Eye Test Alzheimer’s
July 18, 2011 by staff
Eye Test Alzheimer’s, Scientists believe that the differences can be observed in the retinas of patients with dementia, to help early diagnosis of degenerative brain disease. This would represent a breakthrough in the treatment of patients with dementia – set to reach 1 million in the UK as the aging population over the next decade -, which currently only three were diagnosed and treatment is ineffective.
Rebecca Wood, chief executive of the Alzheimer’s Research UK, said: “This study adds to previous work that suggests that scans the eye may be a useful aid in the diagnosis of Alzheimer’s disease These results could lead to a method simple and effective to detect. Alzheimer’s at a much earlier stage, but much remains to be done.
“The ability to diagnose early Alzheimer’s disease is a key goal for research. Not only early detection allows people to plan for the future, which would mean new treatments could be tested in the early stages of the disease, when they are more likely to have an effect. With 820,000 people affected by dementia in the UK, we urgently need more research to find better ways to diagnose, treat and prevent dementia. ”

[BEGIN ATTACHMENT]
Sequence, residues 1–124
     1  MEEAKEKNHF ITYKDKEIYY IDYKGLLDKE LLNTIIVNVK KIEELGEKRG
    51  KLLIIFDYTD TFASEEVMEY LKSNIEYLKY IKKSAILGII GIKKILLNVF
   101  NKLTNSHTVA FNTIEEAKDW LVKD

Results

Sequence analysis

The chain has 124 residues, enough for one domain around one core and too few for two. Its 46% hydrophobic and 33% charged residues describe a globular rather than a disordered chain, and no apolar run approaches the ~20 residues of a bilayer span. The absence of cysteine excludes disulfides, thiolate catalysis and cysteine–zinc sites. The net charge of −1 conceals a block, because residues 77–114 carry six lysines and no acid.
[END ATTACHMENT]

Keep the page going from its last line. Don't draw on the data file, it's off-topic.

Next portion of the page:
Memory tests or brain scans are often used to find early signs of dementia, but recently have scientists begun to study the light-sensitive layer at the back of the eye from damage.
Last year, researchers at University College London has revealed details of animal experiments in which eye drops are used to highlight cell damage in the retina that corresponded with the deterioration of the brain.
In the latest research, published in the Conference of the American Alzheimer’s Association International in Paris on Sunday, researchers at Australia’s Commonwealth Scientific and Industrial Research Organization released the results of a study involving 126 human subjects.
Researchersanlyzed retinal photographs to see that the width of blood vessels was “very different” in people with Alzheimer’s compared with healthy people.
Separate investigation announced at the conference addressed two other ways to test for Alzheimer’s disease.
A brain thatanlyzes to calculate the levels of a protein known as amyloid, which is a “seal” of the disease, while the other involved as a part of the brain responsible for forming new memories, known as the hippocampus.
Another study found that people with early signs of Alzheimer’s disease are more likely to fall, suggesting that visual perception and balance can decrease before the memory.
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